The following example will serve to explain the invention more precisely but is not to be considered limiting the invention in any way.
A panel of commercial CMQ (Can Makers Quality black plate as received in a commercial lot from the steel mill) having received no preliminary grinding or polishing was lapped with an aqueous suspension of aluminum oxide carried on a polishing cloth which was backed with a metal surface. As shown in FIG. 1, before lapping this CMQ panel had considerable fine roughness having an amplitude of less than 15 microinches. However, as shown in FIG. 2, this fine roughness has been substantially completely removed; whereas the coarse roughness, although somewhat reduced, is still present and apparent. Before lapping, the panel had a dilfuse reflectance measurement of 15.7%; whereas after lapping, the diffuse reflection was reduced to 3.2%, nearly a five fold reduction in dilfuse reflectance.
FIGS. 3 and 4 respectively depict the surface of a hardened steel temper or finishing roller before and after having been wet lapped with levigated magnesium oxide. Although the amplitude of the ridges forming the coarse on the CMQ panel.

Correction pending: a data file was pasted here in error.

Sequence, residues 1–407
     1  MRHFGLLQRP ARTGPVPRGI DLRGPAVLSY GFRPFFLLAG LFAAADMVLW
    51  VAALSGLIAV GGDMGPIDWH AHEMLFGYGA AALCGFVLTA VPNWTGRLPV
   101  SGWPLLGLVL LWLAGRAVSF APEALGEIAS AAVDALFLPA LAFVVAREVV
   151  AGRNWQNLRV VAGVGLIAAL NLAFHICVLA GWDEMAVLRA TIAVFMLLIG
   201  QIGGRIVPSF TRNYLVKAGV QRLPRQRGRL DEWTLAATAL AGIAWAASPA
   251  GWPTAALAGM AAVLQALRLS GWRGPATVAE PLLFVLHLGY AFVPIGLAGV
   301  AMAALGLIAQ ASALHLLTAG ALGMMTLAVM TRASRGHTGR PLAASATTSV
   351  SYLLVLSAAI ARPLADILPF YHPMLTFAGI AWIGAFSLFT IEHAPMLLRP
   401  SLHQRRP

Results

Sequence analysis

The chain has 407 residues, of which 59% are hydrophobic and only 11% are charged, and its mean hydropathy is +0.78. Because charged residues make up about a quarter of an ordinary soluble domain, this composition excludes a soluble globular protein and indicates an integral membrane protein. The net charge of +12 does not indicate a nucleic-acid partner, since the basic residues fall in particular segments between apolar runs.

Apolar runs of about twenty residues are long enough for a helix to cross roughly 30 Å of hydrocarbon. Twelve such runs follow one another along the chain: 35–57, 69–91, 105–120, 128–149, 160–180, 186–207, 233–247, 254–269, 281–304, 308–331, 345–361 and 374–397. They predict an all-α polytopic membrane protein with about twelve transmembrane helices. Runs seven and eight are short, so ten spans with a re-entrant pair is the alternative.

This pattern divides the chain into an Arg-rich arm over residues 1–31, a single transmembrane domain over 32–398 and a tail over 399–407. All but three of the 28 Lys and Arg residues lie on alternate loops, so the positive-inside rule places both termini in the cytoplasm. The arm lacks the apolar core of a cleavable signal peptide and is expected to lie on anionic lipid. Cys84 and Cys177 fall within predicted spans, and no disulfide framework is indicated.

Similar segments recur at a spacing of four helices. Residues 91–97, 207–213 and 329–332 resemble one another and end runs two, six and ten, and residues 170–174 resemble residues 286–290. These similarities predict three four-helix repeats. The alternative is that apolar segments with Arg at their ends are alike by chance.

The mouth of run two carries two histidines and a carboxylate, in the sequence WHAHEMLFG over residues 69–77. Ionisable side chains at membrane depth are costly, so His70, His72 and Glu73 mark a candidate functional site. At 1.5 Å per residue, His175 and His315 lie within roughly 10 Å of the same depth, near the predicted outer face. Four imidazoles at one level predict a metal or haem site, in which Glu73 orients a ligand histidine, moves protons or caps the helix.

and fine roughness is greater than that shown in FIGS. 1 and 2, the relationships between the two types of roughnesses is substantially the same on the finishing roller as Itcan be seen in FIG. 4 that after having been lapped, the coarse roughness is still very apparent; whereas the fine roughness has been materially reduced.
By the method of the present invention, highly reflective or bright surfaced black plate may be produced directly from a. conventional sheet rolling operation, i.e.
successive rollings of a steel billet to reduce the thickness and increase the width thereof to form a sheet. This may be accomplished by adding one or more temper or finishing rollers polished'in the manner specified above to the end of a temper rolling line or by substituting one or more of the polished temper or finishing rollers for the last conventional finishing rollers in a temper rolling line.